Food Safety: Have you introduced rat poison into your food preparation?

Many of us have pest control services come to our homes on a regular schedule. Are you aware of where those bait traps are being placed and whether your children are being exposed to rat poison? Let's consider what it is and how to protect ourselves and the small children in our home. Rat poison can be passed from hand to mouth and from hand to food. If your child gets ahold of the rat poison in your home he or she may pass it on to you and you to the food the family eats.

How does rat poison work?

The melamine scare has me thinking more and more about food safety which has lead me to review the history of DDT, PCB's and other poisons we come into contact with through the food chain.

Rat poison is a rodenticide, which is a category of pest control chemicals used to kill rodents. There are first and second generation chemicals which can be used to step up the killing power when rodents become resistant to first generation chemicals.

The way most chemical rat poison works is by making the rat's blood makeup change so that it doesn't coagulate. In addition large doses can cause damage to tiny blood vessels causing those vessels to leak. If the blood won't clot and the blood vessels leak then the rats die through internal bleeding. If the bodily functions for blood coagulation won't stop bleeding then the rat dies in a few days from mostly internal bleeding. These chemicals make blood coagulation not work by interfering with the Vitamin K coagulating process.

How do I know if my pet or child has eaten rat poison?

It's difficult to imagine, but every thirteen seconds the U.S. Poison Control receives a phone call about someone being exposed to rat poison. Forty percent of those calls are children under three years of age. Over two million exposures are children under six years of age. Rat poisons can be ingested by house pets and children. If hands aren't washed they can come into contact with food through the preparation process. Washing your hands thoroughly is not just a good idea it's mandatory for the safety of your family.

You may wonder how you can tell if your pet or child has eaten rat poison. Follow the link to Expert Village and How to Tell if Your Dog Has Eaten Rat Poison, Dr. Adrienne Mulligan and her video explanation of Vitamin K therapy. The symptoms include blood in the stool, from the gums or unexplained bruising.


What is being done to make rat poison safer to have in your home?

The EPA this year imposed new restrictions on rat poisons in an attempt to reduce exposure incidents in children.

"Under the new restrictions, only farmers, livestock owners and certified rodent control employees will be allowed to purchase rat poison in bulk. Bags larger than 8 pounds will no longer be sold at hardware and home-improvement stores.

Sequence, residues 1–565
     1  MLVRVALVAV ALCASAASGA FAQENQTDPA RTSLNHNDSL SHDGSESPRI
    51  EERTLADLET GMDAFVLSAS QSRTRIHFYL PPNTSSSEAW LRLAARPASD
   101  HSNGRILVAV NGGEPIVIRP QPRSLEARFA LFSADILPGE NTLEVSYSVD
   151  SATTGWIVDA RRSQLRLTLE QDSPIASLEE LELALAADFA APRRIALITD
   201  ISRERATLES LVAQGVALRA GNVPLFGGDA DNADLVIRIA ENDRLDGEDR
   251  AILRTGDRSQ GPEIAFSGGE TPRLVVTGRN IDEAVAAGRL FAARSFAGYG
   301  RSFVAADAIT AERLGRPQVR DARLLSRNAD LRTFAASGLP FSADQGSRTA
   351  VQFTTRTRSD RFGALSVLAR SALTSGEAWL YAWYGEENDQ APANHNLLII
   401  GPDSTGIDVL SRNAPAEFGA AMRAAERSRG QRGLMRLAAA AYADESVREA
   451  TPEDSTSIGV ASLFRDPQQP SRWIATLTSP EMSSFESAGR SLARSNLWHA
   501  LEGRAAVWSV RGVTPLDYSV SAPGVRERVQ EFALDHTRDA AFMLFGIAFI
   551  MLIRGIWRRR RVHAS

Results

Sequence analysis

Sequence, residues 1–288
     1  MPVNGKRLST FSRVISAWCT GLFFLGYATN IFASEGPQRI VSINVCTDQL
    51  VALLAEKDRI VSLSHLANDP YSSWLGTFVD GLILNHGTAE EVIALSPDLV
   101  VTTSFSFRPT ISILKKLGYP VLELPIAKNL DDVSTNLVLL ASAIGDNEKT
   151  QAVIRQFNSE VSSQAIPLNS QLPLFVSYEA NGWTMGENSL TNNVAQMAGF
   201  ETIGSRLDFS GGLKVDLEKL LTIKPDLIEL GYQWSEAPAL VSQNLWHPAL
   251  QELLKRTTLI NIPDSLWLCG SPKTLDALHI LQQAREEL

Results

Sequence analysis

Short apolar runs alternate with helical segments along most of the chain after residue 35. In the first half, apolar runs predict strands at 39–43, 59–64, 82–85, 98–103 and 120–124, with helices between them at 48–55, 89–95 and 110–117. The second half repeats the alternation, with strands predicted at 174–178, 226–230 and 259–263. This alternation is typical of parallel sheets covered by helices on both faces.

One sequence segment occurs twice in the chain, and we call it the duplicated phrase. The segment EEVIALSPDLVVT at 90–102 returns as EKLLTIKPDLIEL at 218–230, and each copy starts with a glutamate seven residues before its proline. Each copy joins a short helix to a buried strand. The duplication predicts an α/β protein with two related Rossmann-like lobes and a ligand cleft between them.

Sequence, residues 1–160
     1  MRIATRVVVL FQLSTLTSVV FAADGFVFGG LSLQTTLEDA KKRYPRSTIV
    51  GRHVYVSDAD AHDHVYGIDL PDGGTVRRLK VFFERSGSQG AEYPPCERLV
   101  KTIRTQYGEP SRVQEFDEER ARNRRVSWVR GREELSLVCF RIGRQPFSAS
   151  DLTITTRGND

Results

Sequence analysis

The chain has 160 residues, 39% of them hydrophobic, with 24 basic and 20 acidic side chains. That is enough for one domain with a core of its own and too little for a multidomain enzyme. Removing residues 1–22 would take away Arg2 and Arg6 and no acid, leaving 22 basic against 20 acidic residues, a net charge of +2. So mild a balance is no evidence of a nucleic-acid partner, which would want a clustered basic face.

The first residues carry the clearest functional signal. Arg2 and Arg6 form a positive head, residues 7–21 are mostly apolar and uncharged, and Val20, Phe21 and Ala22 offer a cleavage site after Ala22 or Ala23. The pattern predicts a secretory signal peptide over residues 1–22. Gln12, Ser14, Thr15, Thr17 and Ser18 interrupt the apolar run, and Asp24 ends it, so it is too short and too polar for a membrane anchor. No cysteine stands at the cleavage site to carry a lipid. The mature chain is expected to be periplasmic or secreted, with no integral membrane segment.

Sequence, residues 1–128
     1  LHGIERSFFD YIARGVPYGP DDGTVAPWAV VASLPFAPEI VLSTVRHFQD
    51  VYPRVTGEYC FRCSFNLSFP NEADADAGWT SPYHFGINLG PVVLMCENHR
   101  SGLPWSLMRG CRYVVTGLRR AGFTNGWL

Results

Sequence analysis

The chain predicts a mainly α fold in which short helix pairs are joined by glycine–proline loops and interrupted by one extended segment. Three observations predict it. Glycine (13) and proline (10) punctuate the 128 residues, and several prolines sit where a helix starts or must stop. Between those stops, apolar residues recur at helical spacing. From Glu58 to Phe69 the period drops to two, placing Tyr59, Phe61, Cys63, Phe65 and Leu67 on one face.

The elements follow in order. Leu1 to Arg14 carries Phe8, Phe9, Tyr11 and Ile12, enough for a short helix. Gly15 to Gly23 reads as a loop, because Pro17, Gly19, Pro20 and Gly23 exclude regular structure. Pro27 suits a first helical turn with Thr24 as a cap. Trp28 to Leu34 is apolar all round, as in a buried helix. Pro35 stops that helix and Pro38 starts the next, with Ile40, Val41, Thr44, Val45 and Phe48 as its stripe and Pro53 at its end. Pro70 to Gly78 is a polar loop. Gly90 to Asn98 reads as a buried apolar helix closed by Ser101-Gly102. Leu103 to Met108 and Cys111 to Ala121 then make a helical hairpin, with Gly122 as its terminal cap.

Children who come into contact with highly toxic pellets can experience terrible symptoms from digesting them. They include internal bleeding, nosebleeds, hair loss and extensive bruising.

Between 2001 and 2003, rat poison was responsible for nearly 60,000 poisonings, according to a study done by the American Association of Poison Control Centers. About 250 of these yearly exposures result in serious injuries or death.

The EPA said it believes the restrictions will not only keep the products out of children's hands, but also reduce the ecological and wildlife risks associated with exposure to rat poison."

EPA aims to keep rat poison from children, animals May 30, 2008.

Go to the U.S. EPA site to see how you can poison-proof your home. The EPA provides a two-page room to room checklist that will get you a whole lot closer to having a poison-proof living environment.

Ten Tips to Protecting your Children from being poisoned.

1. Always store pesticides and other household chemicals, including chlorine bleach, out of children's reach -- preferably in a locked cabinet.

2. Read the Label FIRST! Pesticide products, household cleaning products, and pet products can be dangerous or ineffective if too much or too little is used.

3. Before applying pesticides or other household chemicals, remove children and their toys, as well as pets, from the area. Keep children and pets away until the pesticide has dried or as long as is recommended on the label.

4. If your use of a pesticide or other household chemical is interrupted (perhaps by a phone call), properly reclose the container and remove it from children's reach. Always use household products in child-resistant packaging.

5. Never transfer pesticides to other containers that children may associate with food or drink(like soda bottles), and never place rodent or insect baits where small children can get to them.

6. When applying insect repellents to children, read all directions first; do not apply over cuts, wounds, or irritated skin; do not apply to eyes, mouth, hands, or directly on the face; and use just enough to cover exposed skin or clothing, but do not use under clothing.

7. Many homes built before 1978 have lead-based paint. If you plan to remodel or renovate, get your home tested . Don't try to remove lead paint yourself.

8. Ask about lead when buying or renting a home. Sellers and landlords must disclose known lead hazards in houses or apartments built before 1978.

9. Get your child tested for lead. There are no visible symptoms of lead poisoning, and children may suffer behavior or learning problems as a result of exposure to lead hazards.

10. Wash children's hands, toys, and bottles often. Regularly clean floors, window sills, and other surfaces to reduce possible exposure to lead and pesticide residues.

By a lead-testing kit and test your dishes and glasses for lead content.

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